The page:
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Page:Folk-lore - A Quarterly Review. Volume 4, 1893.djvu/384

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376
Celtic Myth and Saga.

regrettable practice, nor would I have mentioned this one were it not that important questions of Irish literary history are concerned. Some of Mr. O'Grady's omissions seem due to a mistaken standard of delicacy. The few naturalistic touches of the original might well have been left entire, considering the cost and bulk of Mr. O'Grady's work.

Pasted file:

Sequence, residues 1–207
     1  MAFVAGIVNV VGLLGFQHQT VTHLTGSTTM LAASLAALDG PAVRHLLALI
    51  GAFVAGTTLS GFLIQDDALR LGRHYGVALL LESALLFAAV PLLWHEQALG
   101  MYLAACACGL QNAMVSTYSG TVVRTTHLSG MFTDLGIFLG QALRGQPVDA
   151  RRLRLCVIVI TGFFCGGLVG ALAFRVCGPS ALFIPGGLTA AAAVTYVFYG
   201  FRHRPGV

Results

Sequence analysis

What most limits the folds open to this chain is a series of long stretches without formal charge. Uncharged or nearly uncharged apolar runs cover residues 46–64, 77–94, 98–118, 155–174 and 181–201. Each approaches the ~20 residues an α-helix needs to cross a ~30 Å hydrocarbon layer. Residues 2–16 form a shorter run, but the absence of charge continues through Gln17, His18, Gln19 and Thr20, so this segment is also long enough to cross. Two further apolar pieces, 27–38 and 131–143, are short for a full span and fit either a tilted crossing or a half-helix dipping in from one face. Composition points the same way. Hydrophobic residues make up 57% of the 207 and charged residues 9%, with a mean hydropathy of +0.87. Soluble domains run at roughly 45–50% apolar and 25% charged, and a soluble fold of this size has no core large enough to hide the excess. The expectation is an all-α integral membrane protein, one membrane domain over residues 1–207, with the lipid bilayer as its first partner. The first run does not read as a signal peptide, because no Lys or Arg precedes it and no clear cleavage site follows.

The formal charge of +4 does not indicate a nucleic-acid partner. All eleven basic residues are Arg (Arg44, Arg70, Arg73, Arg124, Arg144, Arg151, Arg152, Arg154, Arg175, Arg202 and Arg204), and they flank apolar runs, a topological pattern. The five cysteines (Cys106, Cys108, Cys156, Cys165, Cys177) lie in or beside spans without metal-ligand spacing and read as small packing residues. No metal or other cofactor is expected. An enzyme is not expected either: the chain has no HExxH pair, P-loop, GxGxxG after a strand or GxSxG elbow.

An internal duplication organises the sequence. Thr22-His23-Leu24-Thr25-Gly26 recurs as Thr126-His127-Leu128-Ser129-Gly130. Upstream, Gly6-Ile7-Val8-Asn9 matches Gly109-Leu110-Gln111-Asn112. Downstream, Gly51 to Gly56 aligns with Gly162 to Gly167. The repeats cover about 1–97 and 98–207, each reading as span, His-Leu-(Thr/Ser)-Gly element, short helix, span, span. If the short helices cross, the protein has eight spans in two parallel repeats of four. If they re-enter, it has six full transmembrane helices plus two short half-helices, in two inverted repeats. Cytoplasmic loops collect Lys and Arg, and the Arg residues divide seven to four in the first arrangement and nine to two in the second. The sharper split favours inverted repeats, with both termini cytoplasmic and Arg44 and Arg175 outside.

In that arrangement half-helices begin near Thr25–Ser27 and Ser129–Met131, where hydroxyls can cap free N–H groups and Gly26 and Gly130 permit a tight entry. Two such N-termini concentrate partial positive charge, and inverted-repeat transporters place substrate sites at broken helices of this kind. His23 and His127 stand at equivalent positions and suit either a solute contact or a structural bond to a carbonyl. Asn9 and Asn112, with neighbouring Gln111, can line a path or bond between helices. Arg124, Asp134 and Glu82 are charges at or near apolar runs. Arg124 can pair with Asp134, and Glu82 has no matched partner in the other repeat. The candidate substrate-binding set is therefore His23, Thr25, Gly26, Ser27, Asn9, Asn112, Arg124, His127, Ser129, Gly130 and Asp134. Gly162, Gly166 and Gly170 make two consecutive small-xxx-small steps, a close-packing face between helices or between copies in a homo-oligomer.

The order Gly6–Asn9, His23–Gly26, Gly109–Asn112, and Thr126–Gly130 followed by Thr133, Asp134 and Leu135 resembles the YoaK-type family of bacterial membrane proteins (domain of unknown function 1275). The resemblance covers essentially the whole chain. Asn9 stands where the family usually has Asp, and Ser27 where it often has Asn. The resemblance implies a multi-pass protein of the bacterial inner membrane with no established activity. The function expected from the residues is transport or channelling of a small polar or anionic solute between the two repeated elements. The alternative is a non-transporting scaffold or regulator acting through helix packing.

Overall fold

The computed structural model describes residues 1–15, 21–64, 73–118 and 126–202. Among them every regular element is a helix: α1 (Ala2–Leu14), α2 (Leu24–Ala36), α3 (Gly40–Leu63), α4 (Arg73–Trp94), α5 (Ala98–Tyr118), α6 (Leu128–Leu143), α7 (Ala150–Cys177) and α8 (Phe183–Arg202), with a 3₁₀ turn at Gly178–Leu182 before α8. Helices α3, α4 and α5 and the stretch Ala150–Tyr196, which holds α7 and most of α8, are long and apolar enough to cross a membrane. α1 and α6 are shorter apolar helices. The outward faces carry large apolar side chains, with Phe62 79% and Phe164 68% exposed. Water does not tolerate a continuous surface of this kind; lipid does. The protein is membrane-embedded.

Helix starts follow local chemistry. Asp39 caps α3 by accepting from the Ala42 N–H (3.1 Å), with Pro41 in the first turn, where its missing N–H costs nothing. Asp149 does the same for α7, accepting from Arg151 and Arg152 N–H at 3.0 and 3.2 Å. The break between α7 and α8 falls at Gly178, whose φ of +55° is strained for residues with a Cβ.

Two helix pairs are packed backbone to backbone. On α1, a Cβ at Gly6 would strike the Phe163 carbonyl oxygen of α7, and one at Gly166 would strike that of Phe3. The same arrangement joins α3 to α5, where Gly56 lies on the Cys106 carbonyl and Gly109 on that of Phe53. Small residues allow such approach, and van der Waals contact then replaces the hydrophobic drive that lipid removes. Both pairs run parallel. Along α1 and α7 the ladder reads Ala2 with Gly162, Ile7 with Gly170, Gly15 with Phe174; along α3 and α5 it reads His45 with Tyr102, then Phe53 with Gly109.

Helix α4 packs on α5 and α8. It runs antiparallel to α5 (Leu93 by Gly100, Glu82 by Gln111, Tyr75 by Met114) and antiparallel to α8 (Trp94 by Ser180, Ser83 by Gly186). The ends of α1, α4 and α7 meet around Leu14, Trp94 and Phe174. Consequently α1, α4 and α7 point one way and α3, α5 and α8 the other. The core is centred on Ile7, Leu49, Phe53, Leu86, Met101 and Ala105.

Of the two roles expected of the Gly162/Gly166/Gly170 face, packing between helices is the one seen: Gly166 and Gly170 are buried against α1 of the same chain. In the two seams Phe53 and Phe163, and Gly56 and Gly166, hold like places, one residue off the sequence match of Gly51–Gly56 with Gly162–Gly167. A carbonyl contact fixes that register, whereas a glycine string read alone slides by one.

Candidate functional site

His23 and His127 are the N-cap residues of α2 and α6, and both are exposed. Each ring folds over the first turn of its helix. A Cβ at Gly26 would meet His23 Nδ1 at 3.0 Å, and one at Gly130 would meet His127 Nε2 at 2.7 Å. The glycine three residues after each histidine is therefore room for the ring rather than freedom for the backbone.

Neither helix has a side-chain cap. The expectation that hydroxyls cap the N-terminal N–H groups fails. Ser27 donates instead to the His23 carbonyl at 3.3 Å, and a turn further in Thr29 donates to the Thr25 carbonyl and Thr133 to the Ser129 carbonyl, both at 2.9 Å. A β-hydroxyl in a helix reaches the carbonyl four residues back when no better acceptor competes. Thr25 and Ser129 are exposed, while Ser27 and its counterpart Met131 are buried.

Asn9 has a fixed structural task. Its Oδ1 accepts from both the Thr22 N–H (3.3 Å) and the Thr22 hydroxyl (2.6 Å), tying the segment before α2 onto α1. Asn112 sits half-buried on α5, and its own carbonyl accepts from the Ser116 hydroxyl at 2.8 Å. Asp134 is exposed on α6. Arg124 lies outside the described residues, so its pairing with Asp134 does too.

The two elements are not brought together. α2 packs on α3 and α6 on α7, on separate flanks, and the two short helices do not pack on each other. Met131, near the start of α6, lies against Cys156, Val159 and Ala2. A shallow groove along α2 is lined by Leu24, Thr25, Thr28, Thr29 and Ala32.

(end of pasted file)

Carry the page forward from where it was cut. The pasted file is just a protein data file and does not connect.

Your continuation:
For the student not the least important section of Silva Gadelica consists of the illustrative extracts, occupying, in English, forty-eight closely printed pages. An immense amount of valuable matter is here brought together and for the first time rendered accessible to the non-Irishspeaking student. But here, even more than in the body of the work, there are grave defects of editing, the effect of which is to seriously diminish the value and utility of this section to the mass of readers. How is the non-specialist to know that MD at the end of an extract means that it is from the Martyrology of Donegal? A number of passages are quoted from the Kilbride MSS. 3 and 16, in the Advocates' Library at Edinburgh, but no information is given as to the date of these MSS.; nor, more important still, is one told from what tracts the passages are taken. Now both of these, like nearly every other early Irish MS., are libraries in themselves, made up of pieces of various date and provenance. To refer simply to the MS. is much as if an English editor should refer to Parl. Deb. or Stat. at Large., without vouchsafing a hint as to the date and nature of the passages referred to. The same remark applies to the citation from the Books of Leinster, Lecan, and Ballymote; but of these MSS. facsimile editions exist, and it is possible by an expenditure of £15 and several hours' work to trace the passages quoted by Mr. O'Grady and to form some idea as to their nature and value. One class of references to the Books of Leinster and Ballymote requires special mention. Mr. O'Grady has—and one cannot be too thankful to him for it—translated a considerable portion of Dinnshenchas, but this is a fact the ordinary reader would never find out,